The University of Oxford’s contributions to quantum science are legendary. The university is now one of the leaders sherparding the world from classical to Noisy Intermediate Scale Quantum — NISQ — and beyond. Here are a few projects Oxford scientists are involved in that have implications in quantum computing: “Multi-exponential error extrapolation and combining error mitigation techniques for NISQ applications,” which appeared in npj Quantum Information; Non-Gaussianity as a Signature of a Quantum Theory of Gravity, which was published in PRX Quantum and The prospects of quantum computing in computational molecular biology, which appeared in WIREs Computational Molecular Biology.
Here’s an example of a quantum computer project at the University of Oxford.
Number 15 — Duke University
Duke University is probably not a research institution that most immediately associate with quantum computing compared to some of the other institutions. (Duke’s research trail only leads back to 1998, while some of the other universities have quantum computing work that originated in the 1980s, even the 1970s…) But that’s changing as the following quantum projects show: “Materials challenges for trapped-ion quantum computers,” Nature Reviews Materials; “Optimizing Stabilizer Parities for Improved Logical Qubit Memories,” ArXiv and “Practical Applications with Quantum Computers,” presented at Quantum West.
As an example of Duke’s forward-looking quantum progress, check out this initiative.
Number 16 — National Institute of Standards and Technology
The National Institute of Standards and Technology supports quantum science both in the U.S. and around the world. The soul of NIST’s support is in the prowess of its researchers. Here are a few NIST-backed research projects: “Ray-Based Framework for State Identification in Quantum Dot Devices,” PRX Quantum; “Towards data-driven next-generation transmission electron microscopy,” Nature Materials and “Control and readout of a superconducting qubit using a photonic link,” in Nature.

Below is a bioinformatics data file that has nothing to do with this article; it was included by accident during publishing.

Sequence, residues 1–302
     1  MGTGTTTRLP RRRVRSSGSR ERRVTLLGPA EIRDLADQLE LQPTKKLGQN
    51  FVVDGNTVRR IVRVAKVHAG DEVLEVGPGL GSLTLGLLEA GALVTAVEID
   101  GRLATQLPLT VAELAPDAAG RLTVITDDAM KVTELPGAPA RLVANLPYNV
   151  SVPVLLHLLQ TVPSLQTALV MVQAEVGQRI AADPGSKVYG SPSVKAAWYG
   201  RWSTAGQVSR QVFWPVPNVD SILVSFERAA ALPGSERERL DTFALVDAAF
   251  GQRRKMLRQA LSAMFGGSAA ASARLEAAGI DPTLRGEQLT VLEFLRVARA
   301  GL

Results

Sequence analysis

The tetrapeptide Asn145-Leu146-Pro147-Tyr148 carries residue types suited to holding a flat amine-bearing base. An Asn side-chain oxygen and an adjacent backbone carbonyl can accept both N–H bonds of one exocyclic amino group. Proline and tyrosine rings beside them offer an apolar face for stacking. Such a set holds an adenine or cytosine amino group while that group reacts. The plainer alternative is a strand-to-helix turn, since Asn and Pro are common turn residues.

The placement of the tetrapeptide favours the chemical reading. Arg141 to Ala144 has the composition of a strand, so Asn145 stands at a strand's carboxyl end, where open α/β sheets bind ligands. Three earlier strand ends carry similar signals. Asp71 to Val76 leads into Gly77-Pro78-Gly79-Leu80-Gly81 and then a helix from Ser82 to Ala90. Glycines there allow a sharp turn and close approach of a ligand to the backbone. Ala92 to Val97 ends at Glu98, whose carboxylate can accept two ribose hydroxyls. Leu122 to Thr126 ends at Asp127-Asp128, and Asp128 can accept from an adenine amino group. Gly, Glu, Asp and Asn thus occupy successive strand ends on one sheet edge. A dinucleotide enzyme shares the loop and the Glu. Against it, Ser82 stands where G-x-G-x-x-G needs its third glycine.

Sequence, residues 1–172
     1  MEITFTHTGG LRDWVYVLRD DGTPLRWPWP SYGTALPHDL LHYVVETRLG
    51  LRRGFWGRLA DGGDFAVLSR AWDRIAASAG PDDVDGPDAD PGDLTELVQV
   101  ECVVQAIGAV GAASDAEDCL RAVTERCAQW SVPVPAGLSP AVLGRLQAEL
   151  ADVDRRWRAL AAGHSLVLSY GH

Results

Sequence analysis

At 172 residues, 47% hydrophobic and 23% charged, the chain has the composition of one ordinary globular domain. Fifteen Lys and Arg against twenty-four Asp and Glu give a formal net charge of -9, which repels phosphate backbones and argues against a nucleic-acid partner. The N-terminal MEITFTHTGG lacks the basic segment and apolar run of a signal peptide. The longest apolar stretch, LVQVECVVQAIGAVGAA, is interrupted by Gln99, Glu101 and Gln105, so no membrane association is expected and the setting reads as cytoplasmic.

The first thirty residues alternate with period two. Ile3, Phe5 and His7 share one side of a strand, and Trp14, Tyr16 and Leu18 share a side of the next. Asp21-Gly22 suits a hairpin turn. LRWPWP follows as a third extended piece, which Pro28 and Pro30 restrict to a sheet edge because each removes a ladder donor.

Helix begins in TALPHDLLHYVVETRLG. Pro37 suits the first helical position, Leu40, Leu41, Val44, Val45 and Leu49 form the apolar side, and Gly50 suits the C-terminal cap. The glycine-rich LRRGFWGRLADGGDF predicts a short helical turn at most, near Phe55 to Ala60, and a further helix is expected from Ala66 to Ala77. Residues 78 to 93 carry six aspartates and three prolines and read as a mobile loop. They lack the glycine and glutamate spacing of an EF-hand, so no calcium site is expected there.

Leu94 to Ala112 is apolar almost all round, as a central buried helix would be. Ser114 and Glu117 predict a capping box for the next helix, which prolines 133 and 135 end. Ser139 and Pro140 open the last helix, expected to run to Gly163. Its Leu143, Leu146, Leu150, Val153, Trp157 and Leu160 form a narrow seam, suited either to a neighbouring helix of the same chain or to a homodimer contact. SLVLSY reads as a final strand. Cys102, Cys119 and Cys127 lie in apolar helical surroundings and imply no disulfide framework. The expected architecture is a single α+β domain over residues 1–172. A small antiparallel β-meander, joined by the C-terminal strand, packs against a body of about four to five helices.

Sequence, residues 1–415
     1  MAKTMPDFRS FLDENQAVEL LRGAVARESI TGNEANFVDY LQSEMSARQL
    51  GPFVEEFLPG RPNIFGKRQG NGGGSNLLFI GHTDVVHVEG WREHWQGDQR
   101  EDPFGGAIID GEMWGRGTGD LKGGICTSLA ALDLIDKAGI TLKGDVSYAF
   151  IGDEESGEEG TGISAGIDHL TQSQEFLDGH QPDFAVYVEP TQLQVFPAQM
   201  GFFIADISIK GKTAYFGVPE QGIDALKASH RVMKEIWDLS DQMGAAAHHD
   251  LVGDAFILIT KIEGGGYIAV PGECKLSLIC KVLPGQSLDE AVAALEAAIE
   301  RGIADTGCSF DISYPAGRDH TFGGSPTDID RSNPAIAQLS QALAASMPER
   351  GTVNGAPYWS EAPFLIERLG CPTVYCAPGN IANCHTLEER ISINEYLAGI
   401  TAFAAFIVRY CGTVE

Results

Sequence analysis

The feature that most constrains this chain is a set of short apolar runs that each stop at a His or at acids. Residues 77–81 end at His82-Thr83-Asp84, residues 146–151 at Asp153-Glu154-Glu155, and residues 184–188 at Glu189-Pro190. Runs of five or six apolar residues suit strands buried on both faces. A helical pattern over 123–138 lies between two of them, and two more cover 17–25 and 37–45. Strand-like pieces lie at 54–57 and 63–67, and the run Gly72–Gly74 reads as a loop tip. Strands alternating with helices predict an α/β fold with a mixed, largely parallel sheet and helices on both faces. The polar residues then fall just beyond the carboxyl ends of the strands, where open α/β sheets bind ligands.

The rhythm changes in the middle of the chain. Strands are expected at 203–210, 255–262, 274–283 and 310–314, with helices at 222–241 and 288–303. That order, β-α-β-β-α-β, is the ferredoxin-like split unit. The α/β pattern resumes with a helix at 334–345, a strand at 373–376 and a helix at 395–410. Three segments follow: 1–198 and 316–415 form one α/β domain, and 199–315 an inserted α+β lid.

Read more about NIST’s support of quantum in this TQD article.
Number 17 — Stanford University
Seated geographically right in the hottest of technological hot spots, Stanford University is among the top research institutions for the high tech world. In quantum computing, its recent publications show scientists involved in the following projects: “Quantum Permutation Synchronization,” in ArXiv; “Recycling qubits in near-term quantum computers,” in Physical Review A and “Connecting and scaling semiconductor quantum systems,” presented at Photonic and Phononic Properties of Engineered Nanostructures XI
Read about Stanford’s Quantum Computing mission here.
Number 18 — California Institute of Technology
You can’t have Caltech without the tech part and it’s rapidly becoming a quantum powerhouse. Just some of the work done recently by scientists at California Institute of Technology include: Power of data in quantum machine learning, in Nature Communications; “Low rank representations for quantum simulation of electronic structure,” in npj Quantum Information and “Quantum Computation of Finite-Temperature Static and Dynamical Properties of Spin Systems Using Quantum Imaginary Time Evolution,” in PRX Quantum.
CalTech quantum projects include the Institute for Quantum Information and Matter.
A Note on How This List Was Created
The above list is not meant to be exhaustive. Microsoft Academic was used to pull a list of the top research institutions publishing or presenting research on quantum computing, so far in 2021. Obviously, it is just a snapshot in time. The list could change because of publication schedules, timing of conferences, search terms, etc. and could include other limitations.